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Jakub Holý (HolyJak)08:01:43

I am confused: why is the whole sub-entity address returned, even though I explicitly requested nested? false? The code:

@(d/transact conn {:tx-data [{:id               [:person/id "ann"]
                              :person/id        "ann"
                              :person/addresses [{:address/id     "a-one"
                                                  :address/street "First St."}]}]})
(d/entity conn [:person/id "ann"] false)
; =>
{:id [:person/id "ann"], :person/id "ann",
 :person/addresses [#:address{:id "a-one", :street "First St."}]}
I.e. I expected to get back just ... :person/addresses [#:address{:id "a-one"}] , i.e. w/o the :street . Thank you!


Hmmm, I would have expected that too. It’s still 5am here and I shouldn’t be up for a few hours yet (just looked at my phone because I couldn’t sleep). Let me check this out and get back to you.

Jakub Holý (HolyJak)12:01:00

No hurry! Please do take care of yourself!


Well… family ended up taking priority today, which was not the schedule I expected. But this has been on my mind all day. I want to get to it as soon as I can

Jakub Holý (HolyJak)08:01:58

family is always a priority 🙂 Thank you


Ah... I see what it is. The problem is twofold: • improper documentation • me not having worked in that area of the code for too long, and being forgetful


There are entities that are considered "top level entities" and others that are nested. Any entity that you transact will be marked as "top level". Anything nested inside of it won't be.

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What's the difference? Top level entities will always have an ID assigned to them, and they will always have a property of :a/entity true

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You can reference a top level entity inside another entity, which is really useful for declaring them separately, or if multiple entities refer to them, or if you want a loop of some type


However, when you reference an entity this way, you might just want to see the reference to the entity, and not see the entire thing nested inside

Jakub Holý (HolyJak)14:01:18

I see I did not include :id on the nested entities here, which is not what I intended to do 😅

Jakub Holý (HolyJak)14:01:47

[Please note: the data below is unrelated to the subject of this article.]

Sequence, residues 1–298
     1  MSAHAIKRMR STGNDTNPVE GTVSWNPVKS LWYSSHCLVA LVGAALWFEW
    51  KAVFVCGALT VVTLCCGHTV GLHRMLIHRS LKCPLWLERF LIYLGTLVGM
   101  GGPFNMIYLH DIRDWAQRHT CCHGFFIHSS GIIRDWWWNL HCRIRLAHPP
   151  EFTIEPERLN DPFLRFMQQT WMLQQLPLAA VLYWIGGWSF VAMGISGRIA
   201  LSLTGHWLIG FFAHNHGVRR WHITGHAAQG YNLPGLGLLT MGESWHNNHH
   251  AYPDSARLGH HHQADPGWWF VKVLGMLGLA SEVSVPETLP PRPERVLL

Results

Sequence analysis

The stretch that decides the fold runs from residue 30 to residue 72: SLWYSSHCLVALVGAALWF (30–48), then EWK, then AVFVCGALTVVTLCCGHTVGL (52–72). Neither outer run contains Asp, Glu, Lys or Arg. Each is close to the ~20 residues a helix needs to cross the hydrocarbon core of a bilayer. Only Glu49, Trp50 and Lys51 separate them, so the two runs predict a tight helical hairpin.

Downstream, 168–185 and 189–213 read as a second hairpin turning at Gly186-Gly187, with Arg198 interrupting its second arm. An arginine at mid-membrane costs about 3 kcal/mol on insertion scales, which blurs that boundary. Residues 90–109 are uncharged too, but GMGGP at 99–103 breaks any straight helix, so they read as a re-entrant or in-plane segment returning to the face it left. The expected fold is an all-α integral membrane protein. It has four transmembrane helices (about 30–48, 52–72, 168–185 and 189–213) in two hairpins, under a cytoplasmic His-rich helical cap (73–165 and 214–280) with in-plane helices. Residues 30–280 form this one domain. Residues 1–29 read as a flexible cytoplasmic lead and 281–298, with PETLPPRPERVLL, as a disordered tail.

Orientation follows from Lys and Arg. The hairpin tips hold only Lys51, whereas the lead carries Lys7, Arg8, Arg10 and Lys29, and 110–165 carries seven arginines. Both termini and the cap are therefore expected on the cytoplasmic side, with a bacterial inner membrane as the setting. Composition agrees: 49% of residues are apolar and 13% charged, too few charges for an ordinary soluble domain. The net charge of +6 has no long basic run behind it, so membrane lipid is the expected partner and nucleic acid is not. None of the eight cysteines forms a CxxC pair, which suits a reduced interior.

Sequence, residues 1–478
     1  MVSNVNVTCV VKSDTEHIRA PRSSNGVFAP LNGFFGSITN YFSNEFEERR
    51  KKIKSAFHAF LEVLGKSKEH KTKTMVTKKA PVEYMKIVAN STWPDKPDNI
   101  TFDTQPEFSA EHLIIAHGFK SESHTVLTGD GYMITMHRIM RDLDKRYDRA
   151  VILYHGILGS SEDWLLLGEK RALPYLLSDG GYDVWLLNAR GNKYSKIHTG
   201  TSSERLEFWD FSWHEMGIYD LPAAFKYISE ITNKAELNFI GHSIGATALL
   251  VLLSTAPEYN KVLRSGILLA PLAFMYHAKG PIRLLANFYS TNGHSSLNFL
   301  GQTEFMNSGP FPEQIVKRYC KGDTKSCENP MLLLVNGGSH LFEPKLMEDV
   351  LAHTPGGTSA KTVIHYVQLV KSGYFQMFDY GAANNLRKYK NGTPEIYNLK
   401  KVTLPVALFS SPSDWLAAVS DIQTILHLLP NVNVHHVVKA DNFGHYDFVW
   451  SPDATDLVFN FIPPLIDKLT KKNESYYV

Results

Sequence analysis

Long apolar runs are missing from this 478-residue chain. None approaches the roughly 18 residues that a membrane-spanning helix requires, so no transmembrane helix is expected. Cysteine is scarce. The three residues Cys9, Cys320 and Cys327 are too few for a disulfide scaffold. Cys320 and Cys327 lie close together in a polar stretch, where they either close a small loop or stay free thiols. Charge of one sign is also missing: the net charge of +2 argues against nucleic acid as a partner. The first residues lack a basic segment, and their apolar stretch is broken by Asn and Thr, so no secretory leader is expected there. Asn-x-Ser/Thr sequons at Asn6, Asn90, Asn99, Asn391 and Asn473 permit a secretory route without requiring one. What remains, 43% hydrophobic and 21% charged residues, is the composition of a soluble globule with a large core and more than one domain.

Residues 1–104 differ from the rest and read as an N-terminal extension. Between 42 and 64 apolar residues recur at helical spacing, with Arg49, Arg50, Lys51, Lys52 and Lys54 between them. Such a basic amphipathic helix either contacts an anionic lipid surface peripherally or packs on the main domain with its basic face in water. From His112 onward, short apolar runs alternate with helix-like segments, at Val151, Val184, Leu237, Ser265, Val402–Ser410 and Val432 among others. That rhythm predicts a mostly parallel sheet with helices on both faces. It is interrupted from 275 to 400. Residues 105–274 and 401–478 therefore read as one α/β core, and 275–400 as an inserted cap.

Ah, so nested? works only for referenced top entities?


Yes. It's an explicit test

Jakub Holý (HolyJak)14:01:08

I see, that makes sense.


The idea is that if you nest a structure, then it's an implicit part of it's parent. You will always see it


But if an entity references an existing entity, then it's like a foreign address. You can nest it if you want (set the nested? property to true) or you can just see the reference (`nested?` set to false)

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Jakub Holý (HolyJak)14:01:35

And I suppose the default is false, right?


Ummm.... I need to look 😄

Jakub Holý (HolyJak)14:01:07

well, I can look too 🙂


First of all though, I haven't typed this in (yet), but you should be able to say something like this...

(d/transact conn {:tx-data [{:id "a-one"
                             :address/id     "a-one"
                             :address/street "First St."}
                            {:id               [:person/id "ann"]
                             :person/id        "ann"
                             :person/addresses [{:id "a-one"}]}]})

Jakub Holý (HolyJak)14:01:21

I mean, my statement is true and the value is false 😅

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Jakub Holý (HolyJak)14:01:00

Thank you, that is exactly what I need. I will try that and get back to you if it does not work.

Jakub Holý (HolyJak)14:01:12

Thank you very much for your help and insights, most appreciated!


PS. I initially messed up the closing parens on that example, but I've fixed it now


Also, I just checked if my suggestion worked, and it does


I updated the docs around entity. This was needed, because it turned out that it had gone stale. The previous version: • Did not mention the nested? argument • Incorrectly stated that references to top-level entities would be returned as nil

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I mean... that's how it used to work, but the docs were not updated as the function changed